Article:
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This morning, I received an alert on my phone from the local police that a mountain lion had been spotted behind the car dealership just down the street from my house in Los Gatos. The text alert went on to say that officials from the California Department of Fish & Wildlife were onsite to assess the situation and that parents should still plan on driving their kids to school. After I dropped my daughter off at Fisher Middle School, which happens to be around the corner from the car dealership, I drove by slowly past the dealership, and sure enough, there was the mountain lion! He was laying on top of a fence that bordered a residential backyard and the car dealership, with several police officers and Fish & Wildlife staff standing by at a distance.As a recent graduate in Wildlife Conservation and a new intern for Felidae Fund, I am passionate about the conservation of mountain lions in the Bay Area. This situation immediately resonated with me, but also left me with a question: what is the correct response or reaction in these situations? I can speculate that the lion may have come into town to seek shelter during yesterday’s storm, or that it was following prey, but is now trapped. It is likely that the mountain lion just wants to feel safe enough to climb down from the fence and get back into nature, but because of human safety concerns, he is now being watched closely and he may not feel safe enough to do so.As I write this, the situation is ongoing, so I don’t know what the outcome will be, but I hope the lion is given the space it needs to move safely on.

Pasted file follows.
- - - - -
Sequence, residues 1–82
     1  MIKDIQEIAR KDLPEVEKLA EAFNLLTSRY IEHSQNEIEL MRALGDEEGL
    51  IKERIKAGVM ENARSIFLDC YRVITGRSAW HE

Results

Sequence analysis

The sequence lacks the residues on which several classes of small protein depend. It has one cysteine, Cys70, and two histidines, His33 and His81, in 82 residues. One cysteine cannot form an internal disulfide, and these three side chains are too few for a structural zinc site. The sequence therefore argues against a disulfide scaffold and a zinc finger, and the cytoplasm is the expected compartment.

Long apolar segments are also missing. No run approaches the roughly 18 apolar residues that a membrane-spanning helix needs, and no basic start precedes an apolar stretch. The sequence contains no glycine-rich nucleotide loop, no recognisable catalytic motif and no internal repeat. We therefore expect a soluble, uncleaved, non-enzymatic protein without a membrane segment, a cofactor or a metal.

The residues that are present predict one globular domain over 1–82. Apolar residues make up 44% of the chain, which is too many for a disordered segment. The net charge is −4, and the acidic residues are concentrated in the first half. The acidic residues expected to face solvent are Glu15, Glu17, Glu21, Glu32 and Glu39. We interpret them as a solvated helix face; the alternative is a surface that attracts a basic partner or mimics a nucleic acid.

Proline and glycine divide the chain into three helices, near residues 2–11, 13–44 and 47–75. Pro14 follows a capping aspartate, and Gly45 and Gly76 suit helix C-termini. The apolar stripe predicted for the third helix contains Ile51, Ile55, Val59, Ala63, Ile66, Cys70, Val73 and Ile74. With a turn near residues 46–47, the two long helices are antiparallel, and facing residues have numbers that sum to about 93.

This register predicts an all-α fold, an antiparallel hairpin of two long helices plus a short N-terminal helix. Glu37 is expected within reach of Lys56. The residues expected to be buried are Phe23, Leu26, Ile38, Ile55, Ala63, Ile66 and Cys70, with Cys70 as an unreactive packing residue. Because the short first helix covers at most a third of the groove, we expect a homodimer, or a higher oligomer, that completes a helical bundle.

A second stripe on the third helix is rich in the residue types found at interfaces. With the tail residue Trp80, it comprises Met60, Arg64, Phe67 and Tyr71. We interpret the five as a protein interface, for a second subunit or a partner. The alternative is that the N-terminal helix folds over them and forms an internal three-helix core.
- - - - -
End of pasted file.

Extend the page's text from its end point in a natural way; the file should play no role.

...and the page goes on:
Photo Credit: BAPP 

 

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